Senate debates

Tuesday, 25 February 2020



8:15 pm

Photo of Nita GreenNita Green (Queensland, Australian Labor Party) Share this | | Hansard source

Before I begin I just want to say to Senator McGrath I look forward to enjoying an icy pole at the Roma saleyards with you. It sounds like a fantastic place to visit. I too am going to talk tonight about regional Queensland, but, first, I wanted to address what has been an incredibly devastating blow for Australia.

Last week Australia's car industry was dealt a devastating blow when General Motors announced it would shut down the quintessentially Australian Holden brand last week. This means we're going to see between 600 and 6,000 workers lose their jobs and 185 Holden dealerships scrapped. It marks the end of an iconic 160-year legacy after nearly seven years of neglect from the Abbott-Turnbull-Morrison government. It is a disappointing but not surprising outcome, given this third-term Liberal-National government have treated manufacturing workers and the Australian car industry with contempt.

This decision can be traced back to the early days of this government when cigar-smoking former Treasurer Joe Hockey dared Holden to leave Australia with six words, 'Either you're here, or you're not.' These words came at a time when the Abbott government's extreme right wing agenda to cut, slash and burn culminated in a failed 2014 budget. We have not forgotten that budget. The Liberal-National government slashed $500 million of support at a time when the Australian dollar was at a record high. In 2017, as a result of these cuts, Holden ceased manufacturing in this country and now they have abandoned the Australian market altogether. Instead of advocating for the workers and the dealerships affected by this decision, the Morrison government is once again only thinking about itself. The Prime Minister said he was angry at General Motors because they only gave him 15 minutes notice of the company's decision. Was he angry because of the loss of jobs and the end of an iconic brand? Was he apologetic? Was he sad for the loss of those jobs? No. He was outraged because he was caught off guard and embarrassed by the company's timing.

Australian manufacturers are facing serious challenges, and they need a government that will back them. They want an energy policy from a government so they can plan for the future, but they aren't getting it. In regional Queensland, when I visit manufacturers, that is the number one thing they want from this government—that is, not handouts but certainty. The government can't even give them that. They want a government that backs Australians who build things here, but instead we've got a weak Prime Minister and an even weaker economy. Manufacturing directly contributes almost $20 billion to the Queensland economy and supports 170,000 jobs.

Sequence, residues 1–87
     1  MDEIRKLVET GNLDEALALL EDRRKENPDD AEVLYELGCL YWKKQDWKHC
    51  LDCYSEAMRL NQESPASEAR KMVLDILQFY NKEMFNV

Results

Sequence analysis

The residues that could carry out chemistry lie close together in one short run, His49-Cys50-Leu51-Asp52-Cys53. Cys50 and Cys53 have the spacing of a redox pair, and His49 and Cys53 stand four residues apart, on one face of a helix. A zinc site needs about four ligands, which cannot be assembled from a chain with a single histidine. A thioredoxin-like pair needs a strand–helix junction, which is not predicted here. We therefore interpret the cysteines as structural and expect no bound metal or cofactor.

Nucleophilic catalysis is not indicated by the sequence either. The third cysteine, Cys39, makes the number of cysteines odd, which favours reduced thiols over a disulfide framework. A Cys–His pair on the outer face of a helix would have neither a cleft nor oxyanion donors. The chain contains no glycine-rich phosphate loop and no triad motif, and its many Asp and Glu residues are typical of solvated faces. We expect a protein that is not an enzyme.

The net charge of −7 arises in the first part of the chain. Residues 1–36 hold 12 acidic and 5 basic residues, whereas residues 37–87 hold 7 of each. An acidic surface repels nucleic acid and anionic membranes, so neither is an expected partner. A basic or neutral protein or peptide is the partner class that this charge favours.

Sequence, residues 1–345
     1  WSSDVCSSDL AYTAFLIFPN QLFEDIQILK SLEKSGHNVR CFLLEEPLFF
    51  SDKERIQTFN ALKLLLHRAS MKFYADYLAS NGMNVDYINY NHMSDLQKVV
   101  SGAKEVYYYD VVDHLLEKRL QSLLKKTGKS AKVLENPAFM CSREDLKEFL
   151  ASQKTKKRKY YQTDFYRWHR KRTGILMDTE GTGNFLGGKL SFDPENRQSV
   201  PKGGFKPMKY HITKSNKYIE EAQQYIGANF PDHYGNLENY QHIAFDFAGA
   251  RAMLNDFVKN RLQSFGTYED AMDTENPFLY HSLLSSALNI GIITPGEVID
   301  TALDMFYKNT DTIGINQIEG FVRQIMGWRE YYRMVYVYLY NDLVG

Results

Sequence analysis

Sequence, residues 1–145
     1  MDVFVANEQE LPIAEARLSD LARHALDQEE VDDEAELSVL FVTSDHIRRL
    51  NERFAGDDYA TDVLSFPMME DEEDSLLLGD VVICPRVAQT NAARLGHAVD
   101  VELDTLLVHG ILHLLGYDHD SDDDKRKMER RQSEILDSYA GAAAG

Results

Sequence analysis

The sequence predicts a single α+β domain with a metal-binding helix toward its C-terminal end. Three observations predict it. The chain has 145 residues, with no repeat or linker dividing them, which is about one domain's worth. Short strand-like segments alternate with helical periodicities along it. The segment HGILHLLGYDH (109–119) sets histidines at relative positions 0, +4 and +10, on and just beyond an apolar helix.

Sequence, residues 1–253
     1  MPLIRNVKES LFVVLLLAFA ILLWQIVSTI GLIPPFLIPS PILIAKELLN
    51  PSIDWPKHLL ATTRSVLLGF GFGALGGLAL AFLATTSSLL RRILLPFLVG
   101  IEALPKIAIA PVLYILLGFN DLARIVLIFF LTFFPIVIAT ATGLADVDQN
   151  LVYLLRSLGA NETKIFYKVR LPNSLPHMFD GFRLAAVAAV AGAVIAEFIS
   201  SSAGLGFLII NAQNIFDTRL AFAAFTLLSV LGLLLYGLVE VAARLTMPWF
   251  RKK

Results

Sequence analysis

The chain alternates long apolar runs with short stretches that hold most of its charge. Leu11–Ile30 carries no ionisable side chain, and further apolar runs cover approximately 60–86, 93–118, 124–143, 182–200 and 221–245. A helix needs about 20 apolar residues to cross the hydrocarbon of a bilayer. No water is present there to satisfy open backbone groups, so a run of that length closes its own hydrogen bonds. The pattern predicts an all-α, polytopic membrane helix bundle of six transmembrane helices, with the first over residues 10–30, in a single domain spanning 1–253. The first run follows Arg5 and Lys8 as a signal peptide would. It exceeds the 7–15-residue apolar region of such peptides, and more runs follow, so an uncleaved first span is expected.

Figures from the September quarter of last year show that in regional Queensland, manufacturing injects billions of dollars into the economy and employs more than 36,000 workers. That is why the Queensland Labor government backed manufacturing jobs and will build trains in Maryborough: trains built by Queenslanders for Queenslanders. The LNP, when they were in power, wanted trains to be built overseas. That is because the LNP don't back manufacturing workers and they never have.

Given that Australian automotive manufacturing generated $4.1 billion in revenue last financial year and employs nearly 7,500 people, you have to wonder why the Morrison government couldn't care less about the industry. It was only a few days after the General Motors announcement that the latest Australian Bureau of Statistics labour market data came out. This is at the same time unemployment remains stubbornly above five per cent and underemployment is at 8.5 per cent. The government has no plan to turn around the poor performance of the economy. The government cannot blame the bushfires, coronavirus or even General Motors' bad timing of decisions for their longstanding failures on the economy and their longstanding failures to support manufacturing workers.

It is a very sad day when Holden leaves these shores. I wonder what Senator Doug Cameron might say if he were here in the Senate tonight, a night when we mark the closure, the final nail in the coffin, of Holden. He would say one word, and that is 'shame'.